Making Science Models

Making Science Models
by contributing writer Marci

We love hands-on science at our house. I can’t imagine effectively studying it any other way, although there are times when hands on can get tricky, say when you are studying organs of the body.

Somebody out there just went “ewww….gross!” I can hear you. Don’t worry. This is not a dissection post. This is where science models come in.

When we studied the way blood flows through the heart this year, we found a detailed drawing of the cross-section of a heart. It was complete with red and blue colors representing oxygen-rich blood and oxygen depleted blood and arrows to show the direction of the blood flow. It was a good diagram, but still a little hard for the kids to grasp.

“I wish I could hold that picture and move it around,” my daughter said. Then, I see the lights go on. She loves clay of all sorts and is always creating with it. Before I knew it, she was shaping clay into a 3D model of the drawn diagram.

When we got to the chapter about the nervous system, she made more models.

clay neuron model

cerebrum, cerebellum and brainstem

Benefits Of Making Science Models

Making models helps kids learn several ways. First, the construction of the model requires them to look more closely at an image or subject than they would have normally. Size, shape, proportion and how parts fit together are really studied. Visual learning is taking place.

Creating a model with their own hands allows for tactile learning. Students who are tactile (kinesthetic) learners can really benefit from model building. Images or words on a page might not mean much to them, but hands-on activities make the subject come alive. It is my belief that all kids are tactile learners in some sense.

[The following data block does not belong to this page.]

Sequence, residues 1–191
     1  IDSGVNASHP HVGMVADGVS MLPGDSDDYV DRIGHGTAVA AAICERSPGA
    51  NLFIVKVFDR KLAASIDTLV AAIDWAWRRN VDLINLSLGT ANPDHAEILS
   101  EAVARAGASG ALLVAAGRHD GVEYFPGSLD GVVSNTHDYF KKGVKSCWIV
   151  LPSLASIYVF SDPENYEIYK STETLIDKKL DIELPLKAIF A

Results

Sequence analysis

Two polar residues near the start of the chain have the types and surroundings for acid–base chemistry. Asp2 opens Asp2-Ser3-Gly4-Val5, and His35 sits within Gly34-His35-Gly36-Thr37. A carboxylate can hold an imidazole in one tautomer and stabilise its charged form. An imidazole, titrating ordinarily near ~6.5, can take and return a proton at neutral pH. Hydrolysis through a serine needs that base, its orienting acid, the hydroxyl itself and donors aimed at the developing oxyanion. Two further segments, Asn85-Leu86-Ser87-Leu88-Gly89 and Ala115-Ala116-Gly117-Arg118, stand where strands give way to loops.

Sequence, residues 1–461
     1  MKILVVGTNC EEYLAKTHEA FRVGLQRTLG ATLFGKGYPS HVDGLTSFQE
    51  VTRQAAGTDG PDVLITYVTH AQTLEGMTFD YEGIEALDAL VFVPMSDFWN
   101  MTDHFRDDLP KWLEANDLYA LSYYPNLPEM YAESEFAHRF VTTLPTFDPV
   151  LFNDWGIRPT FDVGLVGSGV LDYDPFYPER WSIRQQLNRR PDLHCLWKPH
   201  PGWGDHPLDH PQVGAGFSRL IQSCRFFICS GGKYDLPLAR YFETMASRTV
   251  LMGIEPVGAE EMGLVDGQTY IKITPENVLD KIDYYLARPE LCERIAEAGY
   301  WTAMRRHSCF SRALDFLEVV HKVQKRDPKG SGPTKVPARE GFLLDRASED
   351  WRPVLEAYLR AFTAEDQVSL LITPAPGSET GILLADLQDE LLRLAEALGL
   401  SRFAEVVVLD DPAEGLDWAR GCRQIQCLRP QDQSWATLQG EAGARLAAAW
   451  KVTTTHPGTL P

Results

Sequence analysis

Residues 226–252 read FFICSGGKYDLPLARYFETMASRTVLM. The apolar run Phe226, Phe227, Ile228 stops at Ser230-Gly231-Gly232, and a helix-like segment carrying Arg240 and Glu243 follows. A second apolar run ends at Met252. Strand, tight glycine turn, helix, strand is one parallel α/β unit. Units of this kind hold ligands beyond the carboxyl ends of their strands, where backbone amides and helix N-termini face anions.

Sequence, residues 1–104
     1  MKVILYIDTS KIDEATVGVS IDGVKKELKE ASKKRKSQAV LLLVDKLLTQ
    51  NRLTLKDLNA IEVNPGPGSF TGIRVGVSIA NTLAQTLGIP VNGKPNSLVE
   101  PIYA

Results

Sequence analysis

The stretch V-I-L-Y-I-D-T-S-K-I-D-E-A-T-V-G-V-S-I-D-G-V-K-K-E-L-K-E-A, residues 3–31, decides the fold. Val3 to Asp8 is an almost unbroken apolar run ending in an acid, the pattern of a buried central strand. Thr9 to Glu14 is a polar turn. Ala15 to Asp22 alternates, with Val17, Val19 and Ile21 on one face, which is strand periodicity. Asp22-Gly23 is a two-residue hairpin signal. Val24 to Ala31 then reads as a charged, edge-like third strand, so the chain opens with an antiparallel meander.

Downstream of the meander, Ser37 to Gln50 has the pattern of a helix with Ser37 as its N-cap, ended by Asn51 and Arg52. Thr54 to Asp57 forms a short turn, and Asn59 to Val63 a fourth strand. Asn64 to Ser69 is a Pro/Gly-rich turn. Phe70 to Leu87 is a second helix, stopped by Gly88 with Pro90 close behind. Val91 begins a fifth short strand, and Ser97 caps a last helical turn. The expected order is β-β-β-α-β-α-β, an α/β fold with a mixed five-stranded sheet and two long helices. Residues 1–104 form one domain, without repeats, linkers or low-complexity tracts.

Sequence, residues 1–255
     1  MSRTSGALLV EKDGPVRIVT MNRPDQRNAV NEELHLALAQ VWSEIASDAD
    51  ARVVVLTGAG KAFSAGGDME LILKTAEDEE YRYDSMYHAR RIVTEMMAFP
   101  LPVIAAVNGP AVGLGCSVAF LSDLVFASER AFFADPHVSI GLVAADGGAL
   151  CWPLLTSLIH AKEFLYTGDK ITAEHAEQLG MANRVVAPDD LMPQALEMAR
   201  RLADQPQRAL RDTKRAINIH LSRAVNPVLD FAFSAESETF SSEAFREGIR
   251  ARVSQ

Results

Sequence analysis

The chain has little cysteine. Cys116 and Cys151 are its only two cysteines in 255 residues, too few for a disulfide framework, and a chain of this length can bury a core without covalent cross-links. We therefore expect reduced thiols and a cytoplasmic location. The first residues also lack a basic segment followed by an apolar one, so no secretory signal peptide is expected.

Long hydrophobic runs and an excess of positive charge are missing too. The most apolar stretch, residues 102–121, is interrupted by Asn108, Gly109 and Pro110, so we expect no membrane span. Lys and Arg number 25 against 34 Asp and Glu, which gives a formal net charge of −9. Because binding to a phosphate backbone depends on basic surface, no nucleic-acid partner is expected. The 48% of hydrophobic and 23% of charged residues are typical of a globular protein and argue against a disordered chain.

Gloria Moskowitz-Sweet, licensed clinical social worker and coordinator of Parents Place Express, says that all kids start out as tactile learners, but start to realize their main learning style by 2nd or 3rd grade. However, she also says that half of all kids remain kinesthetic learners on some level.

In our house, after the model is created, the kids have to tell me all about it. They have to tell me about the parts and how they work. This act allows for testing of what they already know, and by hearing what they are saying, auditory learning is taking place.

We usually make our models with oven bake clay that allows us to preserve them for further study and review. but you could use play dough and just take the model apart when you are finished to reuse the dough later.

Have you ever made your own science models? What did you make?

More Homeschool Science from Marci

About Marci

Marci is a Christian wife, homeschool mom, science geek, softball coach, ice rink mom and blogger, who needs her morning coffee, hair done and make-up on before attempting of those things. You can find her blogging at The Homeschool Scientist  and at  Overcoming Busy.


This post may contain a link to an affiliate. See my disclosure policy for more information.

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